Tuesday, 12 March 2013

You can't always get what you want...

Redpointing can be a frustrating process, but only if we lose sight of why we're there.

With most of the country under severe weather warnings options for the weekend had appeared in short supply, but by the Friday afternoon there was a glimmer of hope in the forecast - Portland. All the rain would be overnight, and with a westerly wind, I thought of Chayne Cliff - an often overlooked crag because of a bird ban for nesting peregrine falcons from the 1st of March.

Chayne Cliff holds some stunning lines over bands of flowstone and coral. As usual for portland there's a fair share of technical climbing, but the unusual rock formations make it stand out from the crimpfests of The Cuttings and Blacknor.

After a warm up, Ramon and I went over to have a look at a line that I first set eyes on years back called Road Rage - a three star line that goes at 7b+. I wasn't climbing well enough to try it back then, but it was one of the lines that inspired me to commit to serious training so it was a bit of a pilgrimage to finally get on it.

A couple of local lads were there working Road Rage and Illusion (7c), so we got some great beta and after two goes I had my sequence worked out. It's a sustained power endurance test with two cruxes - a sequence of long moves at mid height, into a semi-rest, and the technical crux on crimps, crossly holds, and a tricky gaston move round an arete right at the top.

I had one more burn before we headed off to the bunkhouse for the evening, making the chains with one rest, so I was quietly confident of a Sunday send.

Road Rage area - Adam getting ready for an attempt on Illusion (7c)

And then testing out his belayer... it's a fierce looking route!

After a relaxed and jovial evening and a good solid breakfast, we headed back down to warm up and discovered the slightly greasy conditions of the previous day were gone - the friction was perfect.

Before I even got back onto Road Rage, I could feel the nervous excitement that often comes when you really believe the send is on... I knew I had to try to bring that down or I was going to suffer a full-on bout of sending fever.

I managed to relax before setting off for my first attempt of the day, but after cruising most of the route and pumping out just below the chains, it came roaring back. All I had to do was climb a little bit more efficiently, and I should get there with the beans to push through the last couple of moves.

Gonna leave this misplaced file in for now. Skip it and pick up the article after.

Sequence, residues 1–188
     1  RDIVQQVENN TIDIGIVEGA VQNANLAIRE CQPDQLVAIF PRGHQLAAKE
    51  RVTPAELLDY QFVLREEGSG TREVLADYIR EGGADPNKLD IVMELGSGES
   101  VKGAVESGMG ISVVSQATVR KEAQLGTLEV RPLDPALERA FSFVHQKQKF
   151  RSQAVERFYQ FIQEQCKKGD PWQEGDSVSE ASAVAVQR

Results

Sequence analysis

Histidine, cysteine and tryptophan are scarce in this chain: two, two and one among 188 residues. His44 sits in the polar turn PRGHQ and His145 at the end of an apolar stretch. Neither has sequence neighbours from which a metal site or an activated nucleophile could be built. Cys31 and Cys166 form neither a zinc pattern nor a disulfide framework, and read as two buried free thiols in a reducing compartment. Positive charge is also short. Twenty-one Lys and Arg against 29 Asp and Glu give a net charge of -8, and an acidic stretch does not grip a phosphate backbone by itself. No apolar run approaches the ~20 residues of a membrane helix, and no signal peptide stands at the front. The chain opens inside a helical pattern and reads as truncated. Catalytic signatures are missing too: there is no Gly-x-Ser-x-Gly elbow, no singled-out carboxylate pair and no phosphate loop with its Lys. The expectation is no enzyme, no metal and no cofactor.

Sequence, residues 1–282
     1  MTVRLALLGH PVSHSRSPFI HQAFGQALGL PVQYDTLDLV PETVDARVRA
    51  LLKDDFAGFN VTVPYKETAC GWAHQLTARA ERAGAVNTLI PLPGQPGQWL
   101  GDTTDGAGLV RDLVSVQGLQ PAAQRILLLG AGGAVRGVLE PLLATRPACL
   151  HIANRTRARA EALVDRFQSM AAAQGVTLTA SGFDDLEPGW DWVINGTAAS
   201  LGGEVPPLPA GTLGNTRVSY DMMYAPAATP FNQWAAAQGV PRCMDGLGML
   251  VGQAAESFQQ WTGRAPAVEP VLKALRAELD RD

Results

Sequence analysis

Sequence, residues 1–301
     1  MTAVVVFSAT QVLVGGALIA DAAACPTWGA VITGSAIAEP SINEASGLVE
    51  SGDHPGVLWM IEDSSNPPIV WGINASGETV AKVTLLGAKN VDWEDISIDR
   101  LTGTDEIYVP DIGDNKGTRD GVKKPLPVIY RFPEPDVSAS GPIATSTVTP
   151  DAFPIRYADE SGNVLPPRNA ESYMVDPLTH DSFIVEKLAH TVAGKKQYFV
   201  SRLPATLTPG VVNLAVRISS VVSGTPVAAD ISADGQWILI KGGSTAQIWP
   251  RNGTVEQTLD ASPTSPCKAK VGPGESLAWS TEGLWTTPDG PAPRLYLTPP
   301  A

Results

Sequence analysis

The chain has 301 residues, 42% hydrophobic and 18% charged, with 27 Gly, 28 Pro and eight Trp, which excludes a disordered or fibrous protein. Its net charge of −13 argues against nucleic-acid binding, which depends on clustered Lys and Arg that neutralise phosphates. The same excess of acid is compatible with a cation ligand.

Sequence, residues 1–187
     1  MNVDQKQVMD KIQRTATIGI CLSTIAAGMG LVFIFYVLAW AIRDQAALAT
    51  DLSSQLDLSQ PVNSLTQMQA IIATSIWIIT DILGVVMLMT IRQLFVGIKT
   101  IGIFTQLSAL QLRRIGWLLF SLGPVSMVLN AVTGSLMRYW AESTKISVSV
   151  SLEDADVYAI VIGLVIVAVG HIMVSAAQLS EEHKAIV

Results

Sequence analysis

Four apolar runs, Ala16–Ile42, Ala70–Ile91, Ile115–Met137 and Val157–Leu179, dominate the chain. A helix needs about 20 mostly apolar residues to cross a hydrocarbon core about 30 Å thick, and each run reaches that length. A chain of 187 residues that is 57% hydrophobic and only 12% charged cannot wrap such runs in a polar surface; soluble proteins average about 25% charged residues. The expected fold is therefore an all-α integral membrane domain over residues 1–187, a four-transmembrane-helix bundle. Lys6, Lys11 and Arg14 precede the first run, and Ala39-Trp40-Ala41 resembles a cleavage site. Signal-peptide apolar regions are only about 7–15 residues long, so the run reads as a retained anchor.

I couldn't calm down, and I compounded the issue by going again a bit too soon - this time I didn't have the juice. So I stopped for lunch and a good hour's rest.

My timing was poor, the sun had now left the face, and with sea-spray in the air, the holds were quickly greasing up.

Getting frustrated, I began to worry more about getting the send than enjoying my day, which rather defeats the purpose of getting out of London. Some nagging concerns from my personal life were adding to my frustrations, and I didn't really snap out of it until Adam made a couple of comments about enjoying the journey and following the Rock Warriors Way.

I sat myself down by the water, where the sun was still out, and thought about what was important. Here I was away for a sunny weekend in Portland (shirtless climbing in February), with a great bunch of friends and a wonderful girlfriend, and I was getting annoyed because I couldn't send a route? Madness!

So after a bit, I came back up for a last couple of attempts. I greased off twice, but it didn't matter any more. I was climbing like I should have been two hours ago, relaxed and focused. Road Rage will definitely go when the conditions (and my timing) are right, but that's not really important. What matters is the movement on rock, the company of friends, and the contentment with where I am, both in my climbing and in those personal matters.

Sometimes molehills become mountains inside our own heads... it's good to see them for what they are, and let them shrink away again.

A little wander looking for interesting flotsam to photograph helped remind me what's important about getting away for the weekend

As did hopping my way out to a large rock in the sea for some quiet contemplation

And a nice sunset to round off the day

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